There are 454 people currently hospitalized – up from 55 people hospitalized as of mid June – with 71 COVID patients currently in intensive care units, according to hospital data reported to the state.
“We’re just as bad as in January,” Foley noted on Friday.
Foley said government leaders shouldn’t stay silent during such a public health emergency.
She said she was on a conference call last week with other elected officials and “it does not look good across America.”
“And it’s really about people who are unvaccinated,” she added.
Foley said after talking to officials at Children’s Hospital about kids getting COVID, she felt it was important to take action and just asked Orange County’s Health Care Agency to offer an expert to talk with reporters and the public.
It’s rare to see a county supervisor break protocol and host a press conference on a countywide issue without waiting on her colleagues.
But Foley said it’s time for action.
“There’s no plan to do anything. Why wait?” she told me after Friday’s press conference.
“I can’t even get the chairman (Supervisor Andrew Do) to acknowledge and agree to get people to wear masks in the boardroom,” Foley said, referring to a large number of public commenters at the bi-weekly supervisors meetings who are protesting masks and vaccines.
While the County of Orange has posted signs indicating masks are required in public buildings, those rules haven’t been enforced at board meetings, despite Foley’s protests.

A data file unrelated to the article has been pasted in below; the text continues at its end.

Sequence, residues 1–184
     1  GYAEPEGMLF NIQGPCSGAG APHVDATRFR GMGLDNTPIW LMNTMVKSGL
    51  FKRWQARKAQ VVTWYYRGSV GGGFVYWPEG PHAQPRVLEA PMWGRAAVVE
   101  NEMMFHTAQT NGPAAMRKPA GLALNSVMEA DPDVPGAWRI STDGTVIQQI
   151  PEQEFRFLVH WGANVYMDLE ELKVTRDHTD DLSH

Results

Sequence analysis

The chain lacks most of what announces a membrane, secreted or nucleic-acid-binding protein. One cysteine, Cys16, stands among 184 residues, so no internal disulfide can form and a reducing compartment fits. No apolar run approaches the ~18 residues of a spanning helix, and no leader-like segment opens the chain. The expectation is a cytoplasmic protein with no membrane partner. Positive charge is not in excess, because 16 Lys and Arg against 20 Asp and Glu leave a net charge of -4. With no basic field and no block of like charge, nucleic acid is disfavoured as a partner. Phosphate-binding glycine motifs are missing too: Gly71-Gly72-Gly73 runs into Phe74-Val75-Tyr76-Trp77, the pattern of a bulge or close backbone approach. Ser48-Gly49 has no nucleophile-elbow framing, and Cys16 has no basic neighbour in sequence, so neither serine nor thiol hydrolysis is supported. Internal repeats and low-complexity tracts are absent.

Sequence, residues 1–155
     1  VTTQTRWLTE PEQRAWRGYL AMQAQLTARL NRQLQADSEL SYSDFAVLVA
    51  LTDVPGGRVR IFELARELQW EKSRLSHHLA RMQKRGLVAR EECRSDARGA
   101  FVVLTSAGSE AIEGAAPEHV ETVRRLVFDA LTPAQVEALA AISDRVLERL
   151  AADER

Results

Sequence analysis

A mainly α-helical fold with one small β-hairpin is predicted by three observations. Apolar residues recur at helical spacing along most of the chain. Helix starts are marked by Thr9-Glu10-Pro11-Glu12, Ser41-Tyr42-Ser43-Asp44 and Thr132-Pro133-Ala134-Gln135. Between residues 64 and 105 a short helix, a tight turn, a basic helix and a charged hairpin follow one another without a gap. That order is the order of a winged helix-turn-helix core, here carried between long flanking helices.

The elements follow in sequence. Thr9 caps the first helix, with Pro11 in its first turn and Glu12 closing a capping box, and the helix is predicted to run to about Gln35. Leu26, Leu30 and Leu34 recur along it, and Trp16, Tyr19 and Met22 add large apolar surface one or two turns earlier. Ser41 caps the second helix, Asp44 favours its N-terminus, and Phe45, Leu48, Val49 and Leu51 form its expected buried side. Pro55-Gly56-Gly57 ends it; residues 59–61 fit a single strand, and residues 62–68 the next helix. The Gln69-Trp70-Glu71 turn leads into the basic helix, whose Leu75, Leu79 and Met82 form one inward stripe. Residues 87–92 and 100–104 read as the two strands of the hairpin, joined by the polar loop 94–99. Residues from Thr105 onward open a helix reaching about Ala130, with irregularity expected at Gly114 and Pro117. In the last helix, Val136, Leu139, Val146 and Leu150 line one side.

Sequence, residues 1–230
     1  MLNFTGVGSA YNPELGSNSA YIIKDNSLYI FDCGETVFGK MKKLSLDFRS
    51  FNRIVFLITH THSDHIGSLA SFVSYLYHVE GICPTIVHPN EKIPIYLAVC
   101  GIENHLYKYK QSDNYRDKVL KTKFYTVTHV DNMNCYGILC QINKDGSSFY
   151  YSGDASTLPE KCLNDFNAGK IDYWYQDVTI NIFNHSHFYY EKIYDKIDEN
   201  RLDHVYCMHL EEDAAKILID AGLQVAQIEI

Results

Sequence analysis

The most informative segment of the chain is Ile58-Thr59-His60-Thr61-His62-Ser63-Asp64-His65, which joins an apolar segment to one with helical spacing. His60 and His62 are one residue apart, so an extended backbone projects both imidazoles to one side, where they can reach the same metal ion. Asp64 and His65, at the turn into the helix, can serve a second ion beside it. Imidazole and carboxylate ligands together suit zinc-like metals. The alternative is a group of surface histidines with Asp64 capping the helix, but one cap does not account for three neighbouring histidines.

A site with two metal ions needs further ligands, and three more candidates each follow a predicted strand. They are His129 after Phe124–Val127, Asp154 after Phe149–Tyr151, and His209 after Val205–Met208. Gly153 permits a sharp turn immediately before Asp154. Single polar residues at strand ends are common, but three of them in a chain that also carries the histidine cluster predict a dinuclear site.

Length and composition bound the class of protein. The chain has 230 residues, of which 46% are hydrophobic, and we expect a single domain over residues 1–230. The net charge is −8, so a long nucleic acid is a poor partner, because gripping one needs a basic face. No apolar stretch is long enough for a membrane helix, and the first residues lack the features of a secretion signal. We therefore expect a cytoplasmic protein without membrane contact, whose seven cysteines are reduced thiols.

With thousands of Orange County residents out for the weekend — with as many as 45,000 gathering in Costa Mesa for the OC Fair, Foley said she thought it was important that people understand the nature of the threat.
“We’ve got to get the word out as people are embarking on the weekend,” Foley told me on Friday.
Foley told reporters she would start hosting her own daily press conferences on the Covid situation in Orange County moving forward.
With Foley breaking off from the county pack, one wonders if she is sparking the nascent movement among Orange County cities to stop depending on the county and start thinking about providing services on their own.
One wonders if this potentially fuels a movement to study Orange County’s charter and tinker with the structure of how county supervisors and the county government do their job.
More and more, we are hearing talk of setting up public health departments in cities like Santa Ana, Irvine and Anaheim — places that don’t feel like the county board of supervisors is responding to their residents.
In addition, a host of cities are also moving to consider having their own kind of mental health response teams as opposed to having their local police respond to disturbance calls involving homeless people or waiting on county responses that don’t materialize quickly enough.
Foley said her efforts are solely focused on getting residents information they need.
Information that politicians don’t want public.
“I just want to make sure that our community is informed so they can make good decisions for their family and themselves,” she said. “That’s the bottom line.”
Now, for the first time, Foley on Friday said publicly what many have said privately complained about for years.
The Orange County Board of Supervisors doesn’t want the public informed.
“It’s not the county government officials that don’t want to do it,” Foley said of public COVID updates.
“The CEO reports to the board,” Foley notes.
And so far, Foley can’t find three other votes in favor of talking about Covid in public.
In the meantime, it’s up to the rest of us to spread the word.